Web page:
Vancouver Real Estate Prices Just Passed An All Time High

Vancouver Real Estate Hits All Time High...Again

Vancouver real estate prices continued to climb in April. Latest numbers from the Real Estate Board of Greater Vancouver (REBGV), show the benchmark price rose to record highs. This was despite a steep decline in sales, and higher inventory than the same time last year.

Prices Are Increasing

The benchmark price continued to creep up, as demand for lower price units pushed the average higher. April saw the composite benchmark price, the price of a typical home with luxury bias removed, hit $941,100. This is a 2.4% increase from last month, and an 11.4% increase from the same time last year. It’s not Toronto’s 20+ percent, but prices are still moving very quickly.

Breaking down the REBGV regions, the highest increase was observed on Bowen Island, and the lowest is in Ladner. Bowen Island saw the composite price hit $878,700, a 29.4% increase from the year prior. On the other end of the market, Ladner saw prices move to $795,900, a 2% increase from the same time last year.

Sales Are Declining

Sales of Vancouver real estate declined all around. REBGV saw 3,553 sales, a 25% decline from the same month last year. This is also a 0.72% drop from last month. March was the peak for sales last year, so it’ll be interesting to see if it continues to decline from here.

Inventory Is Building

Inventory also continued to creep up, hitting a 5 month high. REBGV saw 7,813 listings, a 3.48% increase from the same time last year. New listings declined by 20%, with only 4,907 hitting the market in April. Higher inventory with fewer new listings is a slightly concerning trend for sellers. It may show that there are less buyers interested in entering the market at current prices.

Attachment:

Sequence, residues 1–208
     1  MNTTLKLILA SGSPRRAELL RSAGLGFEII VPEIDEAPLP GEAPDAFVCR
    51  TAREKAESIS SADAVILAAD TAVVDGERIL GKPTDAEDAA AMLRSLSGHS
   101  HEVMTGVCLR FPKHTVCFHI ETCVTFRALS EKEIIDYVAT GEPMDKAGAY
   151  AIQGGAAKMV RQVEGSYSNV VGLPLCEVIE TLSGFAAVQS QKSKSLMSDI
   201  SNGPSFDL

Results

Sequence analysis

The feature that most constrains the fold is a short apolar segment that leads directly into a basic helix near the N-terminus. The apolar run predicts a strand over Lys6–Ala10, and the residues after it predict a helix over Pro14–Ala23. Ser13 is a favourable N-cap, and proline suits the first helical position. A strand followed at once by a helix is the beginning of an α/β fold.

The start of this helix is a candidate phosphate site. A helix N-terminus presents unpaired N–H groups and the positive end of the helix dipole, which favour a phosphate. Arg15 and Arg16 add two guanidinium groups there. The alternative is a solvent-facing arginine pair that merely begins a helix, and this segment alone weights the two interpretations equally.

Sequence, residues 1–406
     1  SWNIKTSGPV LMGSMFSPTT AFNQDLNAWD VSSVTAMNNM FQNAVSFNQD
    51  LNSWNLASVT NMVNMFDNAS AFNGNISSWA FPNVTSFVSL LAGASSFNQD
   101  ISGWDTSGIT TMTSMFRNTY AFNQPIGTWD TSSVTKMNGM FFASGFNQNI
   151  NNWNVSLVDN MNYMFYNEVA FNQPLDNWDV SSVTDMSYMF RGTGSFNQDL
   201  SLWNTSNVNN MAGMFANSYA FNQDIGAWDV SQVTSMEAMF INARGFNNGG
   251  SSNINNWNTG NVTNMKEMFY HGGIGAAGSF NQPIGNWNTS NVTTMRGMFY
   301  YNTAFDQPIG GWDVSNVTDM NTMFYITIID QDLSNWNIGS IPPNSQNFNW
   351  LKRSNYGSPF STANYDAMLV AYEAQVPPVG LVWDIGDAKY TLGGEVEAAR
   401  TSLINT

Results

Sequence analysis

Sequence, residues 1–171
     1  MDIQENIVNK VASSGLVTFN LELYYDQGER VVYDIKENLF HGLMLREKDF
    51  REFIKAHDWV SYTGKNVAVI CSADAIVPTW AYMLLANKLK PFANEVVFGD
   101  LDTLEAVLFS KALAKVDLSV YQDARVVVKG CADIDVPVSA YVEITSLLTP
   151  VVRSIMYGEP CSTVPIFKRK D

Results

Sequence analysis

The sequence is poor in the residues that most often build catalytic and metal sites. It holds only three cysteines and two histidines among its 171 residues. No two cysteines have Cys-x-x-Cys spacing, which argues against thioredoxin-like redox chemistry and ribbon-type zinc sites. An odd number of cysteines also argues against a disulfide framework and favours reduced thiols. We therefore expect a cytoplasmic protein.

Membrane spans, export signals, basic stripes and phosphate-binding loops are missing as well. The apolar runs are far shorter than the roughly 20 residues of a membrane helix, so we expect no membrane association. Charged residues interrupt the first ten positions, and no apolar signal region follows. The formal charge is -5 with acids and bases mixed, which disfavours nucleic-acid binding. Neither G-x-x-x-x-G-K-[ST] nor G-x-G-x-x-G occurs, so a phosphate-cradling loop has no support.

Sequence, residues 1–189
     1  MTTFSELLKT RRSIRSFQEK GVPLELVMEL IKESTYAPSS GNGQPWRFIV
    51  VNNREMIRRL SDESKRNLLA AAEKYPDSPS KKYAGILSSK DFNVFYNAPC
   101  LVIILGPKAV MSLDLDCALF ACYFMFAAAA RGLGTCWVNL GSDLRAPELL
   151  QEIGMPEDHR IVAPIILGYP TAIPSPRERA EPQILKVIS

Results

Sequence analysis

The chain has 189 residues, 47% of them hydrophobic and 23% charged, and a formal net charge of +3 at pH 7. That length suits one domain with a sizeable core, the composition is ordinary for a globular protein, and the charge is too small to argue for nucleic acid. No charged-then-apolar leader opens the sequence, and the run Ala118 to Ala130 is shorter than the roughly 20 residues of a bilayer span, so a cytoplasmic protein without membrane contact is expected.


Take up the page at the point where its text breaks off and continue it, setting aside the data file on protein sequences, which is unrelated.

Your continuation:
Despite lower demand for Vancouver real estate relative to inventory, enthusiastic buyers continued to drive prices higher. Usually more inventory and less sales has the opposite impact, but buyer mentality plays a large part of where prices go. Next week we’ll break down these segments a little further.

Like this post? Like us on Facebook for the next post in your feed.



We encourage you to have a civil discussion. Note that reads "civil," which means don't act like jerks to each other. Still unclear? No name-calling, racism, or hate speech. Seriously, you're adults – act like it.

Any comments that violates these simple rules, will be removed promptly – along with your full comment history. Oh yeah, you'll also lose further commenting privileges. So if your comments disappear, it's not because the illuminati is screening you because they hate the truth, it's because you violated our simple rules.

  • Reply
    Jon 7 years ago

    Agents are the worst. The second Vancouver went down, the real estate agents and mortgage brokers said – “I bet foreign buyers will come to Toronto”. Absolutely no proof. No reason. Just pumping the market. A few months later it turned into fact by the industry – foreign buyers must be driving it. And why foreign buyers? Because the numbers just don’t make sense locally – they haven’t for a long long time but what went from overpriced went to insanity. But if you were a foreign buyer, would you want ocean front in some southern US state or a new 2000 sq ft home in Milton? I mean an average home in a small suburb for 13x income?

  • Reply
    Jon 7 years ago

    I would watch Australia and NZ. Compare the Australian dollar to the Canadian dollar. Look at the real estate markets between both. Look at the rates of immigration. Mining. Foreign buyers. They are twins. Same policies. Same political greed. Big banks and money in US China etc flowing into mortgages into these economies. But once their reputation goes down the lenders will all pull their money and there will be an exodus out of our mortgage markets. The mortgage market is cruel. Always has been. Certainly we can see how much damage an insignificant player like Home Capital has on Canada’s reputation. When you get too high home prices and too high debt, you are basically just waiting for a systemic threat. Anything can pop the bubble once the reputation starts declining it becomes a self fulling prophecy.

Leave a Reply

Your email address will not be published. Required fields are marked *